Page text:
Announced late last month, Home Services acts as a database to connect users with verified service providers in their area – or, as Amazon puts it, ‘handpicked pros’.
All services sold through the platform are backed by a price promise and Amazon’s happiness guarantee.
As we wrote at the time, the service offers several benefits that may help it win out over direct competitors like Google My Business and Yelp:
The unique selling points of Amazon’s service are its consumer safeguards – the retailer says it “doesn’t just refer customers to providers, but stays with them every step of the way”. With customer trust in Amazon already high, the fact that the retailer is going the extra mile to curate providers and protect customers may be all it needs to ensure the success of the product.
The service is currently available in select portions of the US only.
Last month, we reported on Facebook’s acquisition of TheFind, a shopping search engine.
As TheFind set out to shutter its own website, it was unclear exactly what Facebook was intending to do with the newly-acquired technology. The only clue was a statement saying the social network planned to make its ads “even more relevant” – implying the tech would be incorporated into Facebook’s Product Ads programme.
Since then, an email from TheFind has emerged explaining the companies’ intentions in more detail. The message, sent to TheFind subscribers, makes it clear that Facebook is focussing in on Product Ads – and thus implying the ads will be the focus of the new partnership. The email also encourages users to switch over to Facebook’s paid ad format, from TheFind’s formerly free services:
Even though our business relationship will be formally ending, we would like to explore how your company can leverage your existing product catalog on Facebook. Over the next few weeks a representative from your Facebook team will be reaching out to explore how you can use Facebook’s Product Ads to connect your products with new and existing customers from the 1.39 billion people who use Facebook every month.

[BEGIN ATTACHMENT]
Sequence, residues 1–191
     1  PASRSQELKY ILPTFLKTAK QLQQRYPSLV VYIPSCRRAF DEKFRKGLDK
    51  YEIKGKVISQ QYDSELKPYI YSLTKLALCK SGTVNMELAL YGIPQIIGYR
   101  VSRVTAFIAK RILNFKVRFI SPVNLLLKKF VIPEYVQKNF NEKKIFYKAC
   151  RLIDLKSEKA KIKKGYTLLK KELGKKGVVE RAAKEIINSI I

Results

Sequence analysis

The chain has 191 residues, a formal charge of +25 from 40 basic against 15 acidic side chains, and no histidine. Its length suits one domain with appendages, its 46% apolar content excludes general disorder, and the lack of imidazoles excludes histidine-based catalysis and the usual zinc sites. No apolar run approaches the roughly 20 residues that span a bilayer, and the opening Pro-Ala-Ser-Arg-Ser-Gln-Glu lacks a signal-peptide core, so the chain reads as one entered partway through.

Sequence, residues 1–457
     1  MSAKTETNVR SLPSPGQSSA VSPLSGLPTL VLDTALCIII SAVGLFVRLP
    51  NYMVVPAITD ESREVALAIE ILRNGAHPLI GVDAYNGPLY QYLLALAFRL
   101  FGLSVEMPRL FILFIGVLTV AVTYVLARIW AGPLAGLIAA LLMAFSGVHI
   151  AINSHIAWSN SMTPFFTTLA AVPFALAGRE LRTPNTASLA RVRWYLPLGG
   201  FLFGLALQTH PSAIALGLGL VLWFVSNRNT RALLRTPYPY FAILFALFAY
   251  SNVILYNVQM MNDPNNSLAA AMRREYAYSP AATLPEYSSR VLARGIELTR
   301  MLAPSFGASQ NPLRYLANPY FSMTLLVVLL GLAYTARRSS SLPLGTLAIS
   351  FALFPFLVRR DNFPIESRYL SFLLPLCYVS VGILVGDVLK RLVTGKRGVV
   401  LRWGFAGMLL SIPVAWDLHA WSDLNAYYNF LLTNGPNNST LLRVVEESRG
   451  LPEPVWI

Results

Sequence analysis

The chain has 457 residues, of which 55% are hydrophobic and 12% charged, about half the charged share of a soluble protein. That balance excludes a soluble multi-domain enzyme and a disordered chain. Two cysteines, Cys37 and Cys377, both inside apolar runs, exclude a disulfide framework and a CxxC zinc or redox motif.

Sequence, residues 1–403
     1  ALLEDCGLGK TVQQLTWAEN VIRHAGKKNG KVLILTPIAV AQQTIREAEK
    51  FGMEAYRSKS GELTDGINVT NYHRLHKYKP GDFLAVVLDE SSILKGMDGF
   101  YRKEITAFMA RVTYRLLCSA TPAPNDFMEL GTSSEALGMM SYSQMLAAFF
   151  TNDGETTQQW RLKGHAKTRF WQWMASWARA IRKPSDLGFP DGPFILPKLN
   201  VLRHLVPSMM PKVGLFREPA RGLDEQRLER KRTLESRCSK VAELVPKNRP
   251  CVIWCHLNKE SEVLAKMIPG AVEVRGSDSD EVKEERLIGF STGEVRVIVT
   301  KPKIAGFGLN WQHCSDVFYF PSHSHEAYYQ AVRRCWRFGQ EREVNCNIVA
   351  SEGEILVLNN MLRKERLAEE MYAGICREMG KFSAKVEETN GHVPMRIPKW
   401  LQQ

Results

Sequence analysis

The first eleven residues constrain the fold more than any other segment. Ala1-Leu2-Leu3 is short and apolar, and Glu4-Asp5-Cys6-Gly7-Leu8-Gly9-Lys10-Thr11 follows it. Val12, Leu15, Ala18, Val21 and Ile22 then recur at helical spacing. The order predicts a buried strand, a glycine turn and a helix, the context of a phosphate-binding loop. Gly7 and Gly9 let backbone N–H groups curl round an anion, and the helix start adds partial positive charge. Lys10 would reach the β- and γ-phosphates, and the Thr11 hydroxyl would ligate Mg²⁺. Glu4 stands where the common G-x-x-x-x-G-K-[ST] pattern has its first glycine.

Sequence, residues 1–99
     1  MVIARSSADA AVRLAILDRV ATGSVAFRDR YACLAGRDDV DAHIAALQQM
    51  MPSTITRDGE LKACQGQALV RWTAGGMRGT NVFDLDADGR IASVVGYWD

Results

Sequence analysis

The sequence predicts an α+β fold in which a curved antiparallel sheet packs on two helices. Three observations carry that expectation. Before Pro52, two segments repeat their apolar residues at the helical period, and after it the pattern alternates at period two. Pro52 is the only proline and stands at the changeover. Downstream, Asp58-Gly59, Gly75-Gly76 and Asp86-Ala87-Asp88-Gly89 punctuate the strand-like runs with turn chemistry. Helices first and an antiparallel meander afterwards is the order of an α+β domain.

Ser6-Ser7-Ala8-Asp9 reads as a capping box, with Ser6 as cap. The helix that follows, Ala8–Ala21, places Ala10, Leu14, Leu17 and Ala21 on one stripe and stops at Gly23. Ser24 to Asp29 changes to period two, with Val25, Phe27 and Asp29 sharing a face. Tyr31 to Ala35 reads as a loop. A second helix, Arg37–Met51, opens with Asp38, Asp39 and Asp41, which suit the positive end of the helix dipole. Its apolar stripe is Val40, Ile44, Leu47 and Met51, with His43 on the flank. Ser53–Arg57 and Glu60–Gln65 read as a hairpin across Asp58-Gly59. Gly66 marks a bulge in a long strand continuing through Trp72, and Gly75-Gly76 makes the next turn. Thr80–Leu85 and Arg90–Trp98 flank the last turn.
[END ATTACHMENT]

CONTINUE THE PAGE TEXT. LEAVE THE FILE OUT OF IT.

Source: Marketing Land
Amazon to Shutter Its Webstore e-Commerce Platform in 2016
Amazon will shut down its Webstore e-Commerce platform next year, Internet Retailer revealed last month.
The platform, designed for small to medium sized businesses, has seen mixed reviews from users. Past Generation Toys boss Joshua Kluger told Internet Retailer that “it just really seems the functionality [Amazon] provided was not up to spec [in regards] to what customers want”.
Businesses using the platform have received emails notifying them of the closure.
From Dabbawallas To Kirana Stores, Five Unique Ecommerce Delivery Innovations In India – Forbes’ Saritha Rai looks at five innovative ways Indian e-Commerce companies are utilising the country’s infrastructure.
Making the Most of Magento #SEO Among Multiple URLs – Tips for dealing the Magento e-Commerce platform’s SEO challenges, from SearchEngineJournal’s Chandal Nolasco da Silva.
Why Facebook Buying TheFind Could Be Huge For Retailers, And Facebook – An in-depth examination of Facebook’s recent purchase of TheFind, and its implications for the e-Commerce space, courtesy of Ginny Marvin at Marketing Land.
Read our previous e-Commerce news roundup: UK Online Sales & Mobile Commerce Smash Records